NGT did not set it right by recommending monetary compensation for damage to the human health and restoration of human-environment so far. It has ended up committing a blunder by failing to distinguish case laws pertaining to strict and absolute liability as laid down in M.C. Mehta v. Union of India (1987) and the Principle of strict liability as established in Rylands v Fletcher (1868) (NGT, 2018).
In such a context, in a significant development in a communication dated September 22, 2016, Google informed Ban Asbestos Network of India (BANI) that it has restored its Asbestos Free India website. This was in response to the message sent by BANI to Google team. The site was taken off public view following a complaint by Visakha Industries Ltd, the asbestos based company which has filed the SLAPP case masquerading as defamation case.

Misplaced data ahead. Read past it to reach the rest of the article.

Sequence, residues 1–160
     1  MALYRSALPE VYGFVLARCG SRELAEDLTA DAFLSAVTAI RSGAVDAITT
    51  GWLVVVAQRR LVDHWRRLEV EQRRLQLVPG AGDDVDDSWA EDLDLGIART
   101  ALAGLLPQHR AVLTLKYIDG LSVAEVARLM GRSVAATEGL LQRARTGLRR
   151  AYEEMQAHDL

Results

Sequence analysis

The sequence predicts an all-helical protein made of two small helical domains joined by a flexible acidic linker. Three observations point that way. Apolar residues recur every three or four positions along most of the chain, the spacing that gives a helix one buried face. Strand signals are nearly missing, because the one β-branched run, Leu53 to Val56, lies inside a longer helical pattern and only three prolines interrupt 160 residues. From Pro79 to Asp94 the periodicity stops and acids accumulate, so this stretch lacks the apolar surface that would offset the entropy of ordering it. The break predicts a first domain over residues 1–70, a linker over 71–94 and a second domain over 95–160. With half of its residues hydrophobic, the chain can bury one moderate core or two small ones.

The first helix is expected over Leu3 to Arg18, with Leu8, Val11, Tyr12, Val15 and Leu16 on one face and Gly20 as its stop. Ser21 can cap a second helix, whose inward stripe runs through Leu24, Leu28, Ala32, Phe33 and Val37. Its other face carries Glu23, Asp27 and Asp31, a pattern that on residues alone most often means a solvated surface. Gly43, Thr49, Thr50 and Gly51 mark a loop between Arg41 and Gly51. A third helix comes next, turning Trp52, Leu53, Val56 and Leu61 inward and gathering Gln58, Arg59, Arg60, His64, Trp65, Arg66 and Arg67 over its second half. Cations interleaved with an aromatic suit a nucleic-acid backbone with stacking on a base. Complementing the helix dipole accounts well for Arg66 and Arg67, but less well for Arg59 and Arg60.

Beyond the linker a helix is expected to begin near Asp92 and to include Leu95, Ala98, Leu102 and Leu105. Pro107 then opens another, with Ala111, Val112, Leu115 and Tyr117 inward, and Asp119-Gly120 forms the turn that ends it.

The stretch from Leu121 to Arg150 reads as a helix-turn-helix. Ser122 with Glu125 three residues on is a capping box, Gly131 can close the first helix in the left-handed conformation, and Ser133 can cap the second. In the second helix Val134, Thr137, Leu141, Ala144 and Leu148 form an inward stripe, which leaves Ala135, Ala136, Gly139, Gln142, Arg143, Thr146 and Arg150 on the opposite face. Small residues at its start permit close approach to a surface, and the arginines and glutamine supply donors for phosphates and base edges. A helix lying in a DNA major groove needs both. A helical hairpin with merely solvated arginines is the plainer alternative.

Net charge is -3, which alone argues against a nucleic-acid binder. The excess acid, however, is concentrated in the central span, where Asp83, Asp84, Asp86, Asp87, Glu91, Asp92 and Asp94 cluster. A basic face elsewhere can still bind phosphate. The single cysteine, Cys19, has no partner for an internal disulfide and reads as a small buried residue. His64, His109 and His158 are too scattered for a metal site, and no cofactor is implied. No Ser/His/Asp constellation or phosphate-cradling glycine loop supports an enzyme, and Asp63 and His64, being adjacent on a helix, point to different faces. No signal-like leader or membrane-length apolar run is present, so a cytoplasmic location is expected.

BANI is the oldest and only public interest initiative in India which has consistently and relentlessly pursued work for an asbestos free future. In its message to Google, BANI communicated that “the truth about the hazards from asbestos exposure in India ought to remain in public domain in the interest of present and future generations. Asbestos is banned in over 50 countries because it causes incurable lung-related diseases. In view of the same, the site may be approved for public view in public interest.”
The sitehttp://www.asbestosfreeindia.org is available for public view since then.
Disregarding global practices wherein over 50 countries have banned all kinds of asbestos, India has taken an inconsistent position wherein it has technically banned mining of all kinds of asbestos but it continues to export and import asbestos from countries like Russia. This unscientific position is endangering the life and public health of present and future generations.
The author Gopal Krishna is LLB, PhD, is the editor of http://www.asbestosfreeindia.org and Convener, Ban Asbestos Network of India (BANI)